A 2003 study by the OECD concluded nothing would slow the development of space technology. It identified three scenarios between now and 2030: “smooth sailing”, “back to the future” and “stormy weather”. Each represents a possible geo-political scenario, respectively: “Multilateralism and international cooperation prevail”; “confrontation between China/Russia and the US”; and “a serious crisis in international relations”. In all cases, spending on space technology goes up, just in different sectors.

What would I like to be doing in 2030? Commentating on the first Mars landing, when I hope to repeat my favourite prediction: that the first man on Mars will be a woman.

Space commentator Leo Enright in coversation with Claire O’Connell


BY 2030 THE traditional blockbuster drug may have gone the way of the dinosaurs, smarter “nichebusters” will be improving how we fight disease and clever delivery mechanisms will hopefully have unlocked the potential of a range of innovative medicines.

That’s the prediction of Dr Ivan Coulter, chief executive of Sigmoid Pharma at the Invent Centre at Dublin City University, who explains how breakthroughs in recent decades are setting the scene for decades to come.

“The molecular or genomic revolution has lead to an increased knowledge of the molecular or genetic causes of disease,” he says. “In parallel, advances in medicinal chemistry is leading to more specific and powerful small molecule drugs while advances in genetic engineering are resulting in improved biologics, including peptides and antibodies.”

From that springboard opportunities are opening up to tackle diseases more specifically, and Coulter also foresees more patient-friendly options developing for drug delivery, so the innovation drive will be on formulating drugs that can be taken by mouth rather than injection. Clever thinking will also be needed to realise the potential in gene therapy approaches, he says.

The future will also hopefully see us harnessing the integral defences of our bodies against disease: “Significant effort has gone into developing vaccine-like immunotherapeutic approaches to target endogenous peptides or antigens that have been removed from a patient’s own diseased tissue, such as a tumour, or peptides or antigens that are common to a wide patient population. Incorporated into vaccine-like formats, the patient’s own immune system is triggered to seek out and destroy the cells that are expressing the disease-specific [molecules].”

Combined with more refined and earlier diagnosis of disease, improvements in drug design and delivery over coming years will further usher in the era of personalised medicine, where treatments are tailored for specific patients or cohorts rather than the broad population, he adds.

“It will result in the demise of the blockbuster and the emergence of the nichebuster. A good example is the Herceptin breast cancer treatment that only works on breast cancer patients with a specific genetic mutation.”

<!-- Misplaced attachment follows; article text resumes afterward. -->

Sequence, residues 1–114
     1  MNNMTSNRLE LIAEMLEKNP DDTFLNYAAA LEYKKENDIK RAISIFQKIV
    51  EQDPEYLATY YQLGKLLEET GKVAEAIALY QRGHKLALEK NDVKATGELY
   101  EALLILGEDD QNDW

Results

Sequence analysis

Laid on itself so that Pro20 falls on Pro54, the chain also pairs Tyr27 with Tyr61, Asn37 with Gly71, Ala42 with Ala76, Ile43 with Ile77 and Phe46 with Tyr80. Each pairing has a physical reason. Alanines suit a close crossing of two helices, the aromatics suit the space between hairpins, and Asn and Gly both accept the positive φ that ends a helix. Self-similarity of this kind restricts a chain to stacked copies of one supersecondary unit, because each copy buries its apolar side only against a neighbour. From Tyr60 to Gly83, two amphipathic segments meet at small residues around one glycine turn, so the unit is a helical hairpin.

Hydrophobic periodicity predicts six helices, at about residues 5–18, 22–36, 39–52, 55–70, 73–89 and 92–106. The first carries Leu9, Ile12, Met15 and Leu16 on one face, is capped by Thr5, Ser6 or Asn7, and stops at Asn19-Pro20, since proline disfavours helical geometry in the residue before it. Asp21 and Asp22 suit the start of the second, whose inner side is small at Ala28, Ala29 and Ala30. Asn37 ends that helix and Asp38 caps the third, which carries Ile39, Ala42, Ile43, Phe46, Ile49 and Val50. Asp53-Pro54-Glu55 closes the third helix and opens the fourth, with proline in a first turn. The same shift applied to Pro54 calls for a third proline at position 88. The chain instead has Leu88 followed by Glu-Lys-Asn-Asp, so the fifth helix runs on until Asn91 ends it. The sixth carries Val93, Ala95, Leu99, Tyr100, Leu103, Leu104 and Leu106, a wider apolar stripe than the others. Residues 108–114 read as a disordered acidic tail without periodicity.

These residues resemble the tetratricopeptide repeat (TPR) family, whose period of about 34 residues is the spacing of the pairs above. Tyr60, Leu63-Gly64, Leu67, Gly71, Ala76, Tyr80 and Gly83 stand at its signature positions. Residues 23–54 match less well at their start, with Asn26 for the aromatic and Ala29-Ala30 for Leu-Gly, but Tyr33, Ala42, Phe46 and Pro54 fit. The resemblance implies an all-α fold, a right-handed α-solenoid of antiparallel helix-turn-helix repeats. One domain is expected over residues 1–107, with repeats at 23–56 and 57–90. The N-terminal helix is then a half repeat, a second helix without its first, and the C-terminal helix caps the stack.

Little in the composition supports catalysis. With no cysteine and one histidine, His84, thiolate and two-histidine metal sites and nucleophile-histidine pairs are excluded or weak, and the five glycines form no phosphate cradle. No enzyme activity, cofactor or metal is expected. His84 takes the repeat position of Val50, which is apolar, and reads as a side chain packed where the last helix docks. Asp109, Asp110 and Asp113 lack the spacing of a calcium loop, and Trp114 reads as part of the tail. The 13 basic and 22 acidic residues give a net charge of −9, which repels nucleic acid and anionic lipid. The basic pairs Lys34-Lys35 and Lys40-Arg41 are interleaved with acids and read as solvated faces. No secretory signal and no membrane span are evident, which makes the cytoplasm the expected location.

So what does Coulter plan to have contributed to the rapidly changing pharmaceutical landscape 20 years hence?

“By 2030 I would hope to have been responsible for or involved in the development of novel therapies that are making a contribution to the health and well-being of patients, and also to be involved developing innovation through basic and clinical research for the next generations of start-up companies,” he says.

“And on a national level, I would hope that by then Ireland will have developed the confidence to not only start companies but to build them into truly international companies. The talent exists, it just needs to be focused and supported to take the leaps of faith that are necessary for success.”

Claire O’Connell


IT’S HARD to imagine now, but life was very different just 20 years ago. There was a limit on how much foreign currency you could carry, the Irish Stock Exchange’s trading floor was a hive of activity, and when you bought shares you were presented with a hard copy share certificate.

The concept of investing in the Chinese stock exchange was not only absurd it was impossible – while securitisation, the technique which heralded the credit crunch, was an emerging financial instrument and CDOs, CLOs and CDS, were just a twinkle in some trader’s eye.

The euro was yet to be thought up and instead, traders spoke of the “ecu”, the European currency unit, while the punt was still the currency at home.

But, if there has been tremendous change in financial markets over the past two decades, what will the next 20 years hold for the world of finance? How will the aftermath of the credit crunch play out? Will the dollar still be the world’s currency in 2030? Will the Irish Stock Exchange even exist? And will we be following the Shanghai Composite Index as closely as the FTSE 100 or SP 500?